Sky Island is another split-color country in Baum's fantasy universe, like the Land of Oz. Divided in two-halves, blue and pink, Sky Island supports two separate races of beings, the Blues and the Pinkies. The two halves are separated by a region shrouded in fog, which both peoples are reluctant to enter. The three travellers land on the blue side of Sky Island, which is a grim country ruled by a sadistic tyrant, the Boolooroo of the Blues. In Sky Island, as in Oz, no one can be killed or suffer pain, but that doesn't mean one is safe: the Boolooroo's method of punishing disobedience in his subjects is to slice two of his victims into halves using a huge guillotine-type knife, and then join the wrong halves back together, creating very unhappy asymmetrical mixed people. This is called "patching."

I was about to add a final section on the 1901 fantasy science fiction novel, the Master Key, but I think that one deserves a post to itself.

Friday, October 20, 2017

When I said retro-TV...

This guy actually made a version of a 19th century television by fashioning an old vinyl LP into a Nipkow disk

This one works a little better.

Thursday, October 19, 2017

The content bubble -- when reality sinks in

[Couple of small edits. Fixed title and added a link I'd forgotten.]

Quick refresher, the content bubble  refers to the explosion in scripted series being produced for various channels, services and platforms. We've spent a lot of time on the drivers of the bubble and the economics of why it's not sustainable, but probably not enough on the reactions of people on the inside.

Ken Levine (who either wrote, directed or produced about half of the sitcoms you aren't ashamed to mention knowing) recently made the following observation in a post about the experience of working on a show that had just hit big. [emphasis added]

How many shows today are produced and aired in relative obscurity? And it takes the same amount of time and effort to produce a show only relatives watch on a network no one has ever heard of than to produce THIS IS US.

Even the first year of CHEERS, when we THOUGHT no one was watching, we averaged 20 million people a week. The show was slowly starting to catch on to where we thought we were an underground hit. 20 million viewers was considered “under the radar” back then. Now the landscape has become so fractured that certain shows on certain platforms shown nationally are seen by 100,000 people. I don’t understand the economics. How can they afford to shell out millions for shows that get way fewer views than cats coughing up fur balls on YouTube?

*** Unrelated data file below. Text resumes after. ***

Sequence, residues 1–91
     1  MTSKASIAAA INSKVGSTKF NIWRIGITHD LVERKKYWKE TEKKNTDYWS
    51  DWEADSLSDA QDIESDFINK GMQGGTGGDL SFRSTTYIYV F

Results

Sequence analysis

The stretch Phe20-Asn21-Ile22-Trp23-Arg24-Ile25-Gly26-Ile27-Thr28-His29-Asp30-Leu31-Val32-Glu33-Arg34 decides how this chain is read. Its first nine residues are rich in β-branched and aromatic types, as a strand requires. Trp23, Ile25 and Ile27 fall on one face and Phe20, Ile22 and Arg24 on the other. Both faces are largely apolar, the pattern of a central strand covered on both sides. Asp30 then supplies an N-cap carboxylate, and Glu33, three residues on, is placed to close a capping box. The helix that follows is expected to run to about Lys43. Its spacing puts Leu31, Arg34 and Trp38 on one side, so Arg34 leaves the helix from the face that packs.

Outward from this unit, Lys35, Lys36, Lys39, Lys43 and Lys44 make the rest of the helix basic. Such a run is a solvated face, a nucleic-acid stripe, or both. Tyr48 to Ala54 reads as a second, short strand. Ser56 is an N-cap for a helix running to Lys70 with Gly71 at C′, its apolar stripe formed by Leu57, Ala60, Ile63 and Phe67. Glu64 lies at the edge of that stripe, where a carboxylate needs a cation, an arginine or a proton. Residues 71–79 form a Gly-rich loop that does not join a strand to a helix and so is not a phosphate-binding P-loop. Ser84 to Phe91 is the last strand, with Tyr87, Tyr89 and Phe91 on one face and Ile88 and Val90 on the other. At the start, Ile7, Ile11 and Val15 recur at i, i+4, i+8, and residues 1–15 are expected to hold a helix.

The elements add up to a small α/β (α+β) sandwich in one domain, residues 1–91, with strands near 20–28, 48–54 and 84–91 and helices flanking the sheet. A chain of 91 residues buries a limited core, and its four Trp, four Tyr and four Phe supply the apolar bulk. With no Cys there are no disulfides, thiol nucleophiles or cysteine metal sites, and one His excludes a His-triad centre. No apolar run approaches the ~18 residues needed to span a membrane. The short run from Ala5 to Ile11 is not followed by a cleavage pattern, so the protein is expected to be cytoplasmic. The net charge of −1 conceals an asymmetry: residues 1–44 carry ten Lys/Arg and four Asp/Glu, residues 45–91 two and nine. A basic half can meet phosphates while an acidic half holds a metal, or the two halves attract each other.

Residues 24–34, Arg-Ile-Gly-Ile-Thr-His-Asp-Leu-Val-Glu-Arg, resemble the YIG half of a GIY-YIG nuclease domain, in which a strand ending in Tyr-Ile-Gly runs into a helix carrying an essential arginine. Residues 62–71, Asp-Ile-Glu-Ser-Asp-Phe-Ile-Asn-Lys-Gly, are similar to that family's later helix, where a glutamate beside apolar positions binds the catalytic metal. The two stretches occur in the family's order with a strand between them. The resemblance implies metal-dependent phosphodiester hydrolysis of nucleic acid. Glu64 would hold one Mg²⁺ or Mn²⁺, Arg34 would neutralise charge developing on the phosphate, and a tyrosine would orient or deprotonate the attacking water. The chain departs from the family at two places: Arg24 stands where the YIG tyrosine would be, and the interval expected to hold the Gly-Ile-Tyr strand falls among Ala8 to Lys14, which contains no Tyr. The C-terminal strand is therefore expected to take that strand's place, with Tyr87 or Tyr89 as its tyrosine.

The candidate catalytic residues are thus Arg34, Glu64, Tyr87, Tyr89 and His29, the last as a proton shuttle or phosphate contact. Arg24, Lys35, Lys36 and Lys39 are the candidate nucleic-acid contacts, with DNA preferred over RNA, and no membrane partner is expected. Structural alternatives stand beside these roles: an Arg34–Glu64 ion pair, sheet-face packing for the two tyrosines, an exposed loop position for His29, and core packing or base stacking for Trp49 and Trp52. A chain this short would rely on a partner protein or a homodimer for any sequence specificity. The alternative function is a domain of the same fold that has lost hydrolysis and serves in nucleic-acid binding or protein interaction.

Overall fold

I suspect in most bubbles, there comes a point when the conflict between the desire to believe and the cold, hard, inescapable numbers becomes so pronounced that the consensus of smart sensible people in the field becomes "this just can't go on much longer." In this case, the realization is sinking in that the handful of winners can't possibly begin to balance out the huge number of losers (particularly when you factor in the rapid growth in PR costs).

Just to be clear, Levine's role in is not analogous to that of an investor in a stock market bubble. He's more like one of the tradesmen who sells high-end goods to the suddenly cash rich investors. The talent behind and in front of the camera is currently benefiting from the bubble and will probably pay much of the consequences for the claps, but they are not the ones green lighting a remake of "One Day at a Time."

Wednesday, October 18, 2017

The New York Times has a self-congratulations problem.

This isn't exactly a new complaint (you can find similar charges going back to the 19th century), but the frequency seems to be on the rise while the gap between self-image and reality grows more notable. Today's example comes from Farhad Manjoo, who has belatedly decided to join the techno-anxiety craze.
A lot of these worries aren’t new. Though Silicon Valley runs on heedless optimism, much of The Times’s coverage has long been properly skeptical and critical of the implications of new tech. Consider the evil of “revenge porn,” or the rise in accidents caused by drivers looking at their phones. I’ve shared other fears: In 2008, I wrote a book predicting that the internet would lead us into a “post-fact” world.

For starters, lots of people were making similar points in 2008. If you're going to drop a self-reference that implies prescience, you'd better be able to show you were well ahead of the curve.

More importantly, there is absolutely no reason to single out the New York Times for its skepticism and critical attitude toward 21st Century tech. I've been writing about this for years now and here are just some of the news organizations that I've cited for doing more notable work along these lines:

The New Yorker, Vox, the LA Times, Gawker, the Washington Post, the Atlantic and Cracked

This is not to say that the NYT is horrible on this – – if anything, they are probably a bit above average – – but they certainly haven't done anything worth this kind of reflexive self-congratulation, and that tendency toward patting themselves on the back represents a much greater (and previously mentioned) problem.

The NYT has fully internalized the idea that, in all things, it is the world's best paper. This can make for an intolerably smug editorial voice, but, more to the point, it can undermine journalistic judgment, encourage childish behavior and make it almost impossible for the institution to face and correct its own problems.

The NYT's cozy relationship with Thiel and thinly veiled schadenfreude at the fate of Gawker may or may not have had something to do with the gadfly site's habit of pointing out the grey lady's lapses. The paper's decision to force an incredibly unsupportable framework of “balance” on the last election was certainly a major factor in and possibly a necessary condition for Trump's victory.